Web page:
I even found the hospital did the very same thing. I needed stitches. Charged me one low price. Years later my son needed stitches and since he was covered by insurance then they charged the insurance company out the fanny.

    I will now only go to someone or someplace that is willing to make a deal. Whether I have insurance or not.

  • Jim

    The whole article is really a condemnation of the insurance industry, rather than Obamacare. You are right that because Obamacare expanded the health insurance market (it always was a boon to the business of insurance, rather than a government takeover), that direct primary care model will also expand. But direct primary care started growing in the late 90’s (note the reference to Milton Freidman in 2001), when even then doctors began to recognize more and more of their time was spent on billing issues with insurance companies- well before Obamacare. Most of the doctors interviewed did not even mention Obamacare, although the author draws that conclusion. And you may be able to negotiate an office visit with a carton of eggs once in a while, but try that when you need a lung transplant. So some type of “insurance” will always be with us. But if the objective is to reduce that bureaucratic nightmare that health insurance has become, maybe just one insurance company would be the answer- a single payer system.

  • wodun

    Kinda funny how Obama railed against insurance companies and big pharma to get Obamacare through and demonized anyone who disagreed with him as being in their pockets but then it turns out these insurance companies and big pharma were actually big financial supporters of Obama personally, were consipiciously absent fighting against Obamacare, and stand to make a lot of money because of its passage.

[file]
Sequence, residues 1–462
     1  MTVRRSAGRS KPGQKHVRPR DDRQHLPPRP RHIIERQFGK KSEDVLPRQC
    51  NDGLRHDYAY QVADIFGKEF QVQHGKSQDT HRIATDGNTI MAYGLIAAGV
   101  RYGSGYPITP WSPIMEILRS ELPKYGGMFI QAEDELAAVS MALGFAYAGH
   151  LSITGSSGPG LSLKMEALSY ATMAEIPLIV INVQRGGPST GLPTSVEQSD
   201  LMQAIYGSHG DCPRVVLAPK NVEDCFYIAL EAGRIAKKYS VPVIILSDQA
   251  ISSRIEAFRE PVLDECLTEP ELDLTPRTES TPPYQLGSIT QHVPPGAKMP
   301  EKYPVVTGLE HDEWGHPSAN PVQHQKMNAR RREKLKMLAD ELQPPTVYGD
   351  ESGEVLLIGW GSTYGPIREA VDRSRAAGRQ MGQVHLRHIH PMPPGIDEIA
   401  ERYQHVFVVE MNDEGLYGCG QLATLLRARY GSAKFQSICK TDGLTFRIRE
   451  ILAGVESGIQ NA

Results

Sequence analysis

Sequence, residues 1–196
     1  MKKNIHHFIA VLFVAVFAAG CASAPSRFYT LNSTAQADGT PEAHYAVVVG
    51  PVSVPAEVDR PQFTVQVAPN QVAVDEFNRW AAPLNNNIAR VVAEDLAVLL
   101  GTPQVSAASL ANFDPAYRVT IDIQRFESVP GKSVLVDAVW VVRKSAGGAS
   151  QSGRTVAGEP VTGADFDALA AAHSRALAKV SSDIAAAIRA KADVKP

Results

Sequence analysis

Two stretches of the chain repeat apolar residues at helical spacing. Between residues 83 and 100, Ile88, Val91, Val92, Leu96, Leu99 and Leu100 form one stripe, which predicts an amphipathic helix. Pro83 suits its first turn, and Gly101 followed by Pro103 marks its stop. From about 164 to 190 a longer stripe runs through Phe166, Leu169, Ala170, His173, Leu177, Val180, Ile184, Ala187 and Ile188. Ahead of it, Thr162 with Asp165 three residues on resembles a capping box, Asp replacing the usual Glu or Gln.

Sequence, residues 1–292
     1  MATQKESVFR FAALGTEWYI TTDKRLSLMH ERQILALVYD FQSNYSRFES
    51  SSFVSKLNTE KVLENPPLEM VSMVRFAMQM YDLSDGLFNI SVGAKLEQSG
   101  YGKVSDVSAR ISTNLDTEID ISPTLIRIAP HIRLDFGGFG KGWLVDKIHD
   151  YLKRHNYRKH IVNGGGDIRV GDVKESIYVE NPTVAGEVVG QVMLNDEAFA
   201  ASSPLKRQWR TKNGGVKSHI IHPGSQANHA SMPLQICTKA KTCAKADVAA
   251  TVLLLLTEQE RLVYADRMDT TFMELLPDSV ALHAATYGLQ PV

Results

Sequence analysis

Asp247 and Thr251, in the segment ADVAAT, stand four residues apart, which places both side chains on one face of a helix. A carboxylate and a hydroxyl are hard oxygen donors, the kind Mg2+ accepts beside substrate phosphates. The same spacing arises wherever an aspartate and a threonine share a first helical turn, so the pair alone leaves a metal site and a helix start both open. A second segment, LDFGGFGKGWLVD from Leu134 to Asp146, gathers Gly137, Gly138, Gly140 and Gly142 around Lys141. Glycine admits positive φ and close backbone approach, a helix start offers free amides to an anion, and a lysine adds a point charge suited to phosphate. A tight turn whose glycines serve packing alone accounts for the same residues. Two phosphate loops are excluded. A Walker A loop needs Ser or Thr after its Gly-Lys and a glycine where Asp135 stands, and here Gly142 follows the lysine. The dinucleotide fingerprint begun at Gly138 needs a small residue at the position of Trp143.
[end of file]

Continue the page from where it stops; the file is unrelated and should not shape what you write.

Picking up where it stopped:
• Jim

    I really think that if the right spent much less time demonizing this President, and rather would stick to facts such as rather than reducing costs the ACA will line the pockets of big insurance, the argument can be won. Or could have been won…I think the ACA is here to stay now. Now we need to make it the best we can- I think Boehner is kind of taking that stance.

  • Pzatchok

    The ONLY way to control medical industry costs is to take over the whole of the industry and cut out the insurance industry except for those who want to pay astonomical sums for extra care.(Like it is in England).

    They first need to control the cost of schooling for those in the medical industry. Thus take over the schools teaching techs,nurses, and doctors.

    Then they need to control the costs and availability of general health care. Thus they need to set up community health centers. We do not have enough general practitioners yet.

    Then they need to take over the hospitals to control the cost of long term services and surgeries.

    And at some point in this gradual take over they would have to take over the medical supplies industry.

    And to start this whole thing off they need to stop patients from suing everyone for everything that doesn’t go right.

    the ACA did nothing to control costs except slap a band aid on the industry by forcing everyone to get insurance. In 15 years the whole thing will be broke and they will be talking about the forced take over of the industry totally.